A warrant is a written order issued by a judge that gives the police the authority to arrest someone or to perform an act that upholds the law. Warrants are powerful documents that are often required, but there are some key exceptions when the police don’t need them.
Types of Warrants
To know when the police need a warrant, it’s important to understand that there is more than one kind of warrant. These different types of warrants allow the police to take different types of action. Here are some key types:
- Arrest warrants: These warrants empower the police to arrest someone who is accused of a crime. An arrest warrant must identify the person to be arrested and name the crime that they allegedly committed.
- Search warrants: These warrants empower the police to search a place for evidence of a crime. The place could be your home, the place where you work, your vehicle or your personal belongings. A search warrant must clearly state the place to be searched and the items to be seized.
- Bench warrants: If you are found to be in contempt of court, a judge may order a bench warrant. There are many reasons a person could be found to be in contempt, but one of the most common is failure to appear at a hearing. If a judge orders a bench warrant, it gives the police the power to immediately arrest you and bring you before the judge to resolve the matter.
- Blue warrants: In Texas, blue warrants are issued if a parolee has violated parole. There are many reasons that this could have happened, from failure to obtain employment to missing a meeting with your parole officer.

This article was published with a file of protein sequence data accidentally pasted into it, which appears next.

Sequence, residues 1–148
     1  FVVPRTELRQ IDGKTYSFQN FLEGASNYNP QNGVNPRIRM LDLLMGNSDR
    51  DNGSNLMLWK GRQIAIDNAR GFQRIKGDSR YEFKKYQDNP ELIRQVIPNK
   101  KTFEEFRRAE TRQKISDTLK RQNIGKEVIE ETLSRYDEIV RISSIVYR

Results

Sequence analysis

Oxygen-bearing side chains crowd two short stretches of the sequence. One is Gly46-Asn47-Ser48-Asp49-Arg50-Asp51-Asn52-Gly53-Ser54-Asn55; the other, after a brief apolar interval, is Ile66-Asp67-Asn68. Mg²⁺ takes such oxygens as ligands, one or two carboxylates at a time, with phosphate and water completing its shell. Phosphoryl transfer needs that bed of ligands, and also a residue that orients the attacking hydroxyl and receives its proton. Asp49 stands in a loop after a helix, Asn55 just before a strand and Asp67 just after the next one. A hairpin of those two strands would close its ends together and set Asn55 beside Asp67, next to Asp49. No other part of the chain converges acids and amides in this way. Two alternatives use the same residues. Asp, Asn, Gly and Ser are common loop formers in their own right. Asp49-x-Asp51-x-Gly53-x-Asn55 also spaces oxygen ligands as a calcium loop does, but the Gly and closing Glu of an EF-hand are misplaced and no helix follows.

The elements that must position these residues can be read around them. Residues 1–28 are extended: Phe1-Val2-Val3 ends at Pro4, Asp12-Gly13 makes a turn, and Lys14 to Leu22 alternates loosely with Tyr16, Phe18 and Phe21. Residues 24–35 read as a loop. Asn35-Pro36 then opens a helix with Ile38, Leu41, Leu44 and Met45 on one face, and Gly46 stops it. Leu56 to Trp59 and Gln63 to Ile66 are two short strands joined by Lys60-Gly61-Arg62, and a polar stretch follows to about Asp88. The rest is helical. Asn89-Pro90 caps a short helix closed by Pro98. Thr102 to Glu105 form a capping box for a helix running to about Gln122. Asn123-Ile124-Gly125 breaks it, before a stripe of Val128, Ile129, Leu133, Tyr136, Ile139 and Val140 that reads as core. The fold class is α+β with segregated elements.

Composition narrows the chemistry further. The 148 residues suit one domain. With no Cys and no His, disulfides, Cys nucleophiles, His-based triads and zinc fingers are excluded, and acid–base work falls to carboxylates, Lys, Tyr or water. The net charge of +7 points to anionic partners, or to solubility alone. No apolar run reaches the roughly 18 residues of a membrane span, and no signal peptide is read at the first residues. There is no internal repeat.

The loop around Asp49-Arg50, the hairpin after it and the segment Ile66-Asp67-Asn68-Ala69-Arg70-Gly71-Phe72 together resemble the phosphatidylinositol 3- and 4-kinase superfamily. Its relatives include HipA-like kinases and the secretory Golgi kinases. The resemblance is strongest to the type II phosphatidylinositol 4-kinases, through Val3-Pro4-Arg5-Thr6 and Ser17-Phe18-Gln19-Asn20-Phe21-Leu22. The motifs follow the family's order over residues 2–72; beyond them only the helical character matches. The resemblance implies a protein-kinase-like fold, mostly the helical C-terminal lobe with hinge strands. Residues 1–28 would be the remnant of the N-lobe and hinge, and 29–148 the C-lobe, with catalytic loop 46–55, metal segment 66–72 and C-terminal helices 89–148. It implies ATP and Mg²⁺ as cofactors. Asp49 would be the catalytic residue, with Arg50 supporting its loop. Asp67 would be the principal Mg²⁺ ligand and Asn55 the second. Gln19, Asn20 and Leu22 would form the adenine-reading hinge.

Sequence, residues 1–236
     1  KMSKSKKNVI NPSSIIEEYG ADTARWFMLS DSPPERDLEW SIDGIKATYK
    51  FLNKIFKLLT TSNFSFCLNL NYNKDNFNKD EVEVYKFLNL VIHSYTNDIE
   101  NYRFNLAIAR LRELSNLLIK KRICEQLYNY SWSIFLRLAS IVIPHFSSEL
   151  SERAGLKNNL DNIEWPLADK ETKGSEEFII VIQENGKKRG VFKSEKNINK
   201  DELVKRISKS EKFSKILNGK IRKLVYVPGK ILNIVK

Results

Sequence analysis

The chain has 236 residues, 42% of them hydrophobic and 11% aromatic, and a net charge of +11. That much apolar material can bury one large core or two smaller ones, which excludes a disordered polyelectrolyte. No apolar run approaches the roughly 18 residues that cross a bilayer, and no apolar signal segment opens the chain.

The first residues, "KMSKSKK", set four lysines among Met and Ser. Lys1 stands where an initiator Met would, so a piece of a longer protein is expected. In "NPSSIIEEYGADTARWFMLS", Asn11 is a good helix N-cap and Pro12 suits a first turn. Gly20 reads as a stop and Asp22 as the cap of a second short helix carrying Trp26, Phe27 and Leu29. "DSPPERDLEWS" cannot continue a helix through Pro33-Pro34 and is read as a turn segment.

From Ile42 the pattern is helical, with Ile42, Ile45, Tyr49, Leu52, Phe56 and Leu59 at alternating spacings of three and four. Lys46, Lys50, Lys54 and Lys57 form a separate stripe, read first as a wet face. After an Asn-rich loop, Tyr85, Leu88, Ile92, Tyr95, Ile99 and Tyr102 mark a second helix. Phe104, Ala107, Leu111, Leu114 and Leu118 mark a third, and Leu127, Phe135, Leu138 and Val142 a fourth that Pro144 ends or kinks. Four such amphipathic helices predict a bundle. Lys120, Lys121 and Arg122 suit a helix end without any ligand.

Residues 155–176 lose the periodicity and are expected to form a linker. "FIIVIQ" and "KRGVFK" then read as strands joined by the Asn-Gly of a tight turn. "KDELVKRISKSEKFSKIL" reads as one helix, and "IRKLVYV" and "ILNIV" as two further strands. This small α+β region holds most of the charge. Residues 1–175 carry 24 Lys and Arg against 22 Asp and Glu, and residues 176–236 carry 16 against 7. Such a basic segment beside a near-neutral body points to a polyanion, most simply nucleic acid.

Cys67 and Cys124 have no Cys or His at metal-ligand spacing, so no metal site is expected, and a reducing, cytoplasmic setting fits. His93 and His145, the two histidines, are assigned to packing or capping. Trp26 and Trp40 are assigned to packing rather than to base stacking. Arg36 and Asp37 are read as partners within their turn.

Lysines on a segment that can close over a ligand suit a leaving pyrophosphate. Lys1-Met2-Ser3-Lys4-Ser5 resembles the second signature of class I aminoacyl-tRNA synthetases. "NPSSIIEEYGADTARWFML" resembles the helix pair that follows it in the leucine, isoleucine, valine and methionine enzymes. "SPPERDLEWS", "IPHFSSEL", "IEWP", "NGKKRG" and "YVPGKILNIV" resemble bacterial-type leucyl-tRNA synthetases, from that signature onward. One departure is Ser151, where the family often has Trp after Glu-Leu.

Exceptions to the Warrant Requirement Under Texas Law
Warrants are not needed in all situations. A common exception is for “exigent circumstances.” This means that a reasonable person would look at the circumstances and believe that quick action was needed to stop physical harm to the police or someone else, to stop the destruction of evidence, or to prevent the suspect from escaping.
Another common exception is for a pat-down search when the police have probable cause to believe that a person is carrying a weapon. In that case, a warrant is not needed for the officer to do a limited search looking for the weapon.
Talk With a Criminal Defense Attorney to Protect Your Rights
If you think your rights were violated by illegal search and seizure, talk to a lawyer about your options. Your lawyer can examine the facts of your case and take action if your rights were violated. For a confidential consultation with the Fort Worth defense attorneys at Lee and Wood, LP, call 817-678-6771 or send us a message today.